Craney History, Family Crest & Coats of Arms

The rugged west coast of Scotland and the desolate Hebrides islands are the ancestral home of the Craney family. Their name indicates that the original bearer lived on the island of Jura in the Inner Hebrides. The name is derived from Gaelic Mac Crain. [1]

Early Origins of the Craney family

The surname Craney was first found in the islands of Jura and Islay, where they held a family seat from very ancient times, some say well before the Norman Conquest and the arrival of Duke William at Hastings in 1066 A.D.

Early History of the Craney family

This web page shows only a small excerpt of our Craney research. Another 111 words (8 lines of text) covering the years 1625, 1649, 1856 and are included under the topic Early Craney History in all our PDF Extended History products and printed products wherever possible.

Craney Spelling Variations

Spelling and translation were not standardized practices until the last few centuries. Spelling variations are extremely common among early Scottish names. Craney has been spelled MacCraney, Craney, Crainey, MacCrain, McCranie, MacCranny, MacCranne, MacCranney, MacCrayne and many more.

Early Notables of the Craney family (pre 1700)

More information is included under the topic Early Craney Notables in all our PDF Extended History products and printed products wherever possible.

Ireland Migration of the Craney family to Ireland

Some of the Craney family moved to Ireland, but this topic is not covered in this excerpt.
Another 69 words (5 lines of text) about their life in Ireland is included in all our PDF Extended History products and printed products wherever possible.


United States Craney migration to the United States +

The hardy Scots who made the crossing settled all along the east coast of North America and in the great west that was just then opening up. At the time of the American War of Independence, many United Empire Loyalists moved north from the American colonies to Canada. Scottish national heritage became better known in North America in the 20th century through highland games and other patriotic events. An examination of immigration records and passenger ship lists revealed that people bearing the name Craney arrived in North America very early:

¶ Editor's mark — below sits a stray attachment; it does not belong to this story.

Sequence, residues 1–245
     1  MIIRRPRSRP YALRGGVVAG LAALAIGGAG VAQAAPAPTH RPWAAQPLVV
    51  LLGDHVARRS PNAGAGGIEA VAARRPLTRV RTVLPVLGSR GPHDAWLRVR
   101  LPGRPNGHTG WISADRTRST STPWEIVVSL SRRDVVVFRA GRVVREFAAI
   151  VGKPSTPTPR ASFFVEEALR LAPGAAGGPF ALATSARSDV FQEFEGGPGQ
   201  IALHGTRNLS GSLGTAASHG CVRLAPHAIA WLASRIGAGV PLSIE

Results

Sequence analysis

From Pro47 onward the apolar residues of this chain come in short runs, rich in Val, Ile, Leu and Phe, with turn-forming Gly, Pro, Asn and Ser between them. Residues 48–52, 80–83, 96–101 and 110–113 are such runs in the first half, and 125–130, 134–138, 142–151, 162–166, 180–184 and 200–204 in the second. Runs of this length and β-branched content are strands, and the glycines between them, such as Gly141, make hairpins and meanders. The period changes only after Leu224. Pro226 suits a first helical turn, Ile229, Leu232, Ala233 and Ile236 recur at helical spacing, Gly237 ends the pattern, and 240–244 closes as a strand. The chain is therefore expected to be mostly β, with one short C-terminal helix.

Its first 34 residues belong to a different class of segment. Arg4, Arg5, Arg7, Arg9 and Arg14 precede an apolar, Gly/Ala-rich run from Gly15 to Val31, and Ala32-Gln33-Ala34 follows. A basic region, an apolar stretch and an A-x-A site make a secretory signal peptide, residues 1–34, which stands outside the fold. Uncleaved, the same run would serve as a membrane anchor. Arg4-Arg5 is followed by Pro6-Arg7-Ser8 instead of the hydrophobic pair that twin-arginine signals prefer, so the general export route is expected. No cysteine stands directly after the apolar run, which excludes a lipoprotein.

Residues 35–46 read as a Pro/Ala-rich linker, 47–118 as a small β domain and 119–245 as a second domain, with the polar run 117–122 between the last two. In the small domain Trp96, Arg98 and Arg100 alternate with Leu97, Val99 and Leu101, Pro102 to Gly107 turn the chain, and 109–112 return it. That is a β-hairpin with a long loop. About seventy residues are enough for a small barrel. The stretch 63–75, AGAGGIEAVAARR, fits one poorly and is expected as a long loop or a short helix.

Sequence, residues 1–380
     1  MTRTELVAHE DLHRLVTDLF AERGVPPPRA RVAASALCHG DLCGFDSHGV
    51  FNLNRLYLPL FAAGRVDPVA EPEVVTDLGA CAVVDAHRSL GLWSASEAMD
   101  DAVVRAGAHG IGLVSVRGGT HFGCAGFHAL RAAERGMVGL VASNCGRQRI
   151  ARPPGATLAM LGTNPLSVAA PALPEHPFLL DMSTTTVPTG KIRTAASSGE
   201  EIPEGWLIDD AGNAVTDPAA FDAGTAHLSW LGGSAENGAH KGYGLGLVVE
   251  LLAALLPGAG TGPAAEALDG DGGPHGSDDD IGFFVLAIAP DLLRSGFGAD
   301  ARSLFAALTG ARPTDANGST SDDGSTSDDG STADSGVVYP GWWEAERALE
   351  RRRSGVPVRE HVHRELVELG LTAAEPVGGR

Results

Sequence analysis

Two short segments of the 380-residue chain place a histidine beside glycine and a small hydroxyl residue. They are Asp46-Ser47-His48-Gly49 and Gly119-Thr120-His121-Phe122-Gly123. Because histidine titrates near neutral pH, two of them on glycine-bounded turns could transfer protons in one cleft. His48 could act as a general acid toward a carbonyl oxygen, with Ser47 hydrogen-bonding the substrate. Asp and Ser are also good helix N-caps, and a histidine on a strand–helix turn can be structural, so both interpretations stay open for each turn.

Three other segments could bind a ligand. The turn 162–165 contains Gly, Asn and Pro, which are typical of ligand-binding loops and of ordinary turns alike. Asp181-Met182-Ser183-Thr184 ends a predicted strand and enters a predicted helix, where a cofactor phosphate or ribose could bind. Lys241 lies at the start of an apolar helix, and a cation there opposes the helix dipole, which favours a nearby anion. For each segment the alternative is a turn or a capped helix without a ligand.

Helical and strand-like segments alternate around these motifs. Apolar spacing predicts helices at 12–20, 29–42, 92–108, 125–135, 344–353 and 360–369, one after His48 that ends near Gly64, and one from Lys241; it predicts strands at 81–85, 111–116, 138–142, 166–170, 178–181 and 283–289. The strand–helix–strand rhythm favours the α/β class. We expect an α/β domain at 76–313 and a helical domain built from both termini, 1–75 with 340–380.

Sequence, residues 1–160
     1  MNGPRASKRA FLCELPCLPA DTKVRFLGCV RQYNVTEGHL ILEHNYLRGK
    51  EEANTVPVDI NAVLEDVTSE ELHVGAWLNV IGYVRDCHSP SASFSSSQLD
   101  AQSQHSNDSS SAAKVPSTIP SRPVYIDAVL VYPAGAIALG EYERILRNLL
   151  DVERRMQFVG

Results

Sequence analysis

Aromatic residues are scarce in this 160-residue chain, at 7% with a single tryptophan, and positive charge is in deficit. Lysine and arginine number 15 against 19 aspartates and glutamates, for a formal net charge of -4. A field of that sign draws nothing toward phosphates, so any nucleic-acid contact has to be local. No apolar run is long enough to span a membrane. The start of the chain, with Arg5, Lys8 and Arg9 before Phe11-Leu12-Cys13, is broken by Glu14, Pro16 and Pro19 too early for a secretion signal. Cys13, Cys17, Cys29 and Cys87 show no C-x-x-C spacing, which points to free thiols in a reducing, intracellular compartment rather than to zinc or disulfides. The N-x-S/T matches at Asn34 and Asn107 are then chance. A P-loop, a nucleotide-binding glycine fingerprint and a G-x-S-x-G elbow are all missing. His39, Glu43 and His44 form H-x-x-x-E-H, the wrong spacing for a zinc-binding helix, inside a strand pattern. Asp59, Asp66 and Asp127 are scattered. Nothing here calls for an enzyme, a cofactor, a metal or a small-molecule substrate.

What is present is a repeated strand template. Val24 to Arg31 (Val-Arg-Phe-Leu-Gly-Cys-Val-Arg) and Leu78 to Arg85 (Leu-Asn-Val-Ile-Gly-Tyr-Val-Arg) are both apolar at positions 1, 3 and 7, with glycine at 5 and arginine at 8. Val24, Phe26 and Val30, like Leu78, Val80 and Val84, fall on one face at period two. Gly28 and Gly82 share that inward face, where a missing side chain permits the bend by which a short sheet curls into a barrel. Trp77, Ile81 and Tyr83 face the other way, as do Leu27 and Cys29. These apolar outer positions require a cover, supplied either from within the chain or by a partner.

Craney Settlers in United States in the 19th Century
  • Mathew and Patrick Craney who settled in Philadelphia in 1846
  • J Craney, who landed in San Francisco, California in 1851 [2]

Australia Craney migration to Australia +

Emigration to Australia followed the First Fleets of convicts, tradespeople and early settlers. Early immigrants include:

Craney Settlers in Australia in the 19th Century
  • Mr. Michael Craney, (Richard, Clancy), (b. 1766), aged 60, Irish baker who was convicted in Tipperary, Ireland for 7 years for stealing, transported aboard the "Boyne" on 28th October 1826, arriving in New South Wales, Australia [3]

Contemporary Notables of the name Craney (post 1700) +

  • Terrance Craney, American Democrat politician, Delegate to Democratic National Convention from Wisconsin, 2000, 2004 (alternate) [4]
  • John F. Craney, American Democrat politician, Member of Connecticut State House of Representatives from Norwich, 1911-14 [4]
  • Diane Craney, American Democrat politician, Delegate to Democratic National Convention from Wisconsin, 2000 [4]


The Craney Motto +

The motto was originally a war cry or slogan. Mottoes first began to be shown with arms in the 14th and 15th centuries, but were not in general use until the 17th century. Thus the oldest coats of arms generally do not include a motto. Mottoes seldom form part of the grant of arms: Under most heraldic authorities, a motto is an optional component of the coat of arms, and can be added to or changed at will; many families have chosen not to display a motto.

Motto: Amor proximi
Motto Translation: The love of our neighbor.


  1. ^ Black, George F., The Surnames of Scotland Their Origin, Meaning and History. New York: New York Public Library, 1946. Print. (ISBN 0-87104-172-3)
  2. ^ Filby, P. William, Meyer, Mary K., Passenger and immigration lists index : a guide to published arrival records of about 500,000 passengers who came to the United States and Canada in the seventeenth, eighteenth, and nineteenth centuries. 1982-1985 Cumulated Supplements in Four Volumes Detroit, Mich. : Gale Research Co., 1985, Print (ISBN 0-8103-1795-8)
  3. ^ Convict Records Voyages to Australia (Retrieved 27th October 2020). Retrieved from https://convictrecords.com.au/ships/Boyne
  4. ^ The Political Graveyard: Alphabetical Name Index. (Retrieved 2015, November 13) . Retrieved from http://politicalgraveyard.com/alpha/index.html


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